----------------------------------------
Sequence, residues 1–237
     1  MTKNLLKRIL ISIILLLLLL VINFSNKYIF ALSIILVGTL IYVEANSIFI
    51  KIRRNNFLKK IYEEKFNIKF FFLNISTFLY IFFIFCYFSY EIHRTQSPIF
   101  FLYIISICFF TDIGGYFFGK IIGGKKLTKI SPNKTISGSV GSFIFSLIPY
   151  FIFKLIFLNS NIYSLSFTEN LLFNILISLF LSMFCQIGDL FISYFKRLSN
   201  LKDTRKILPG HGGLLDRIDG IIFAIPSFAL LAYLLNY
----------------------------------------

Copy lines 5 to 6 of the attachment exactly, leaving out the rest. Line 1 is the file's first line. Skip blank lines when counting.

   151  FIFKLIFLNS NIYSLSFTEN LLFNILISLF LSMFCQIGDL FISYFKRLSN
   201  LKDTRKILPG HGGLLDRIDG IIFAIPSFAL LAYLLNY